On March 18, 2008 the world was introduced to the novel anticoagulant dabigatran (compound BIBR 953), more commonly known as Pradaxa®. Originally developed in the 1980s, Pradaxa is a direct thrombin inhibitor. It’s a novel anticoagulant heavily marketed as the anticoagulant of the future because unlike its predecessor, Warfarin, it needs not be monitored with daily and or weekly blood tests; or so positions Boehringer Ingelheim.
Since the 1950s, the tried-and-true and standard anticoagulant of choice has been Warfarin. Originally used in 1948 as rodenticide; Warfarin was approved for human medical use in 1954 as it was found to be an effective therapeutic anticoagulant, preventing both thromboembolism and thrombosis. Due to its potential lethality however, the drug has to be carefully monitored with blood analysis of the international normalized ration (INR) to ensure that patients are therapeutic. Daily titration of the medication initially is crucial in achieving a safe level of anticoagulation, while avoiding hemorrhage.
Now almost half a century after Warfarin came onto the market, Pradaxa has been heavily marketed because it requires no maintenance and is reported to have fewer side effects. Patients now commonly request that their anticoagulation be changed to the newer sexier alternative. Clinging on the fact that no further daily or weekly blood draws are necessary with the novel drug. Largely due to Boehringer Ingelheim’s effective marketing of the drugs; patients often see this as a great benefit. Unfortunately, this perceived benefit comers with a great cost. Unlike Warfarin, Pradaxa has no reliable laboratory test to monitor its level of anticoagulation. Worse yet, unlike its counterpart, there are not effective antidote or reversal agents in the event of hemorrhage. One does not monitor the efficacy of Pradaxa because there are no effective tests and even if one was developed, once a patient is identified as supratherapeutic, the impending hemorrhage is irreversible.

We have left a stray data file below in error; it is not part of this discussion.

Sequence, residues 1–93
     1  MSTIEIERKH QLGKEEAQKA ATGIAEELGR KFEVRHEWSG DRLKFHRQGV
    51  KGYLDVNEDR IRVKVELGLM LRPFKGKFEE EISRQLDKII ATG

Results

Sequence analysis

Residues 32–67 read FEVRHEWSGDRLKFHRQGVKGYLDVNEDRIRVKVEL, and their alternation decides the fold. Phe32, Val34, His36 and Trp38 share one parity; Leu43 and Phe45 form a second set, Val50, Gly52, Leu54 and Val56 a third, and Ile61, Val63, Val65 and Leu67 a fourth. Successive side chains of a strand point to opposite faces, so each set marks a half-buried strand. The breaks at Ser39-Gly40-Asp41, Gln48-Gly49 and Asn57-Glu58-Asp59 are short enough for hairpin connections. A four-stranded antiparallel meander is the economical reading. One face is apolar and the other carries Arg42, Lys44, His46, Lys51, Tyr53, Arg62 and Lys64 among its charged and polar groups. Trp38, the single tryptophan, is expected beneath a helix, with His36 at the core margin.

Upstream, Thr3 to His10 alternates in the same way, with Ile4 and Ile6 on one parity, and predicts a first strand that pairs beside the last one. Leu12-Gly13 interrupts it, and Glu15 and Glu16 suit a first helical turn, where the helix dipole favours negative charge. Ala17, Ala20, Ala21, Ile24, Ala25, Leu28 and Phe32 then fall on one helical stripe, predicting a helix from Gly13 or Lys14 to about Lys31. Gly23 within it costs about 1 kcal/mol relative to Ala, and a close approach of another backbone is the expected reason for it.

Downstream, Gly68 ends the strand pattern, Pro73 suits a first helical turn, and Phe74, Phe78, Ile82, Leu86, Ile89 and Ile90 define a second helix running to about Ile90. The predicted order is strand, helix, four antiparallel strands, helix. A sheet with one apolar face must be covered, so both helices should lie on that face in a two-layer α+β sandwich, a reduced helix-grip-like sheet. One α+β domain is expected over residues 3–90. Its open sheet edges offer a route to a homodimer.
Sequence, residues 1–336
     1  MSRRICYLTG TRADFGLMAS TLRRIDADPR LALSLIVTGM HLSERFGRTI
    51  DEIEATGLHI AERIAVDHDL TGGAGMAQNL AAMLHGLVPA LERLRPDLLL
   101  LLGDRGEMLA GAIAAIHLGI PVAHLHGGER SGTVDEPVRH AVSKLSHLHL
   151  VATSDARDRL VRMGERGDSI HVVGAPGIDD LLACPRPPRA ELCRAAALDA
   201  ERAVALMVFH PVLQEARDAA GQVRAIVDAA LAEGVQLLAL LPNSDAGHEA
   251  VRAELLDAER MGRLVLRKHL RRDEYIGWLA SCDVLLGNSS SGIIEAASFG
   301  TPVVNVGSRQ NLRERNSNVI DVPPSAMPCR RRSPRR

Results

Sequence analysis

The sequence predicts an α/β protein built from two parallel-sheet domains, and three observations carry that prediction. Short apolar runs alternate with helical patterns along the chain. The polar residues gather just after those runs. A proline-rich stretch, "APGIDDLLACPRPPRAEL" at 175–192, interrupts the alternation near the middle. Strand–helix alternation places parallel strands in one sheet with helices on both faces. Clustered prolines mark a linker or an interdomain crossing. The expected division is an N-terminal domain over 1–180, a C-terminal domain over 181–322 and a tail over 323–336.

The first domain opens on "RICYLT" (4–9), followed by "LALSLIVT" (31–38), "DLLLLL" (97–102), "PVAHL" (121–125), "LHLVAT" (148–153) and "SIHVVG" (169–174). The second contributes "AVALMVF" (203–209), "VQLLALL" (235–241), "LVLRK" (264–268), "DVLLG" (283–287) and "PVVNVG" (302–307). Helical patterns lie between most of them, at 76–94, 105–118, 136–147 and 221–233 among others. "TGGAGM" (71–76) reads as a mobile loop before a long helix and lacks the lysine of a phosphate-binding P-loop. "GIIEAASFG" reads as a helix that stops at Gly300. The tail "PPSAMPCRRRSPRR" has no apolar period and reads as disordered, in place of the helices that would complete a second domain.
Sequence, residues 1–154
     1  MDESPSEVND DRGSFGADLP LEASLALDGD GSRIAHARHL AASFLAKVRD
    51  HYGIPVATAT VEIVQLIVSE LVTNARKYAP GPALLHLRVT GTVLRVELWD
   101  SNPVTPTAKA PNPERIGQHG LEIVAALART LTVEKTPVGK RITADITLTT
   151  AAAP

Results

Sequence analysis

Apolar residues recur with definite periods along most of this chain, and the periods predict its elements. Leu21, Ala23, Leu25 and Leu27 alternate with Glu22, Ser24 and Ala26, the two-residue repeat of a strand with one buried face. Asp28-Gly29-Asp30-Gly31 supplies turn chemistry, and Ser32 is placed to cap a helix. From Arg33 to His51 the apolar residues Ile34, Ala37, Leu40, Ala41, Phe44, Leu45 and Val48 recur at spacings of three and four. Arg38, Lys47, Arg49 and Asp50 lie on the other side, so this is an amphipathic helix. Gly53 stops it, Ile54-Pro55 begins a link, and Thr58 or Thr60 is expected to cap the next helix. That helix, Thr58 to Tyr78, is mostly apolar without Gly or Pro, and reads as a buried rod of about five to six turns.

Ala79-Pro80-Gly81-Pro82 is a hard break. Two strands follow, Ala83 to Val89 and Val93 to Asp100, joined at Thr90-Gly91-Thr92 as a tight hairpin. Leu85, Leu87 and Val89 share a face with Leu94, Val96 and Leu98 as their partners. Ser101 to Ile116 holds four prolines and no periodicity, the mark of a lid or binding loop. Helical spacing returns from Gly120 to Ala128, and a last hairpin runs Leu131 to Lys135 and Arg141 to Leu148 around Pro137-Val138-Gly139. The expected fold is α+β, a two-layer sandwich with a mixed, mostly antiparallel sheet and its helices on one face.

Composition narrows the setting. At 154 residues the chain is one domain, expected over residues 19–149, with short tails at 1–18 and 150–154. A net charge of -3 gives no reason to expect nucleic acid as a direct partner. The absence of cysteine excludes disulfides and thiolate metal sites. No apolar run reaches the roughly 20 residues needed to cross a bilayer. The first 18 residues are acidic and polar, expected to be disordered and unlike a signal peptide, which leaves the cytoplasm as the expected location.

In only two years after its release into the market, of the patient’s prescribed Pradaxa for anticoagulation, 3,781 had adverse events reported to the FDA. Of the reports 2,367 were because of hemorrhage, 644 were because of stroke, 291 were due to the development of kidney failure, and most striking 542 were reported deaths. That same year, the FDA reported a total of 1,105 adverse events from patients prescribed Warfarin.
As a general surgeon my concern with Pradaxa and other novel anticoagulants is the lack of a reliable laboratory test for safety monitoring. Most importantly however, what ails me the most is the inability to effectively reverse the agent. Like it or not, as we age our ability to manage our gait, our ability to minimize clumsiness, and our ability to prevent bodily injury decreases substantially. I fear greatly for each and every patient who are placed by their primary care provider on Pradaxa. I personally feel that the risks of this medication outweighs the inconvenience of having your finger pricked every day or even every week to insure a therapeutic dose of warfarin.
Importantly, not only is Warfarin safer, easily monitored, and reversible its one of the cheapest medication one can buy… even if under or uninsured. An average under or uninsured person spends $200 on Warfarin yearly. An average under or uninsured person spends $3,000 on Pradaxa yearly. Not only is Pradaxa a much riskier alternative, its also fifteen times more costly. Unfortunately the marketing of Pradaxa has been so effective that despite the increased risk and cost patients still consistently ask to be switched over to it.
Perhaps in the future we shall have a safe means of monitoring and even reversing the anticoagulation effects of Pradaxa. In the meantime, I shall continue to be cautious and continue to discourage its use. I recommend to all my patients to carefully weigh out the risk and benefits. When something sounds too good to be true, it often is.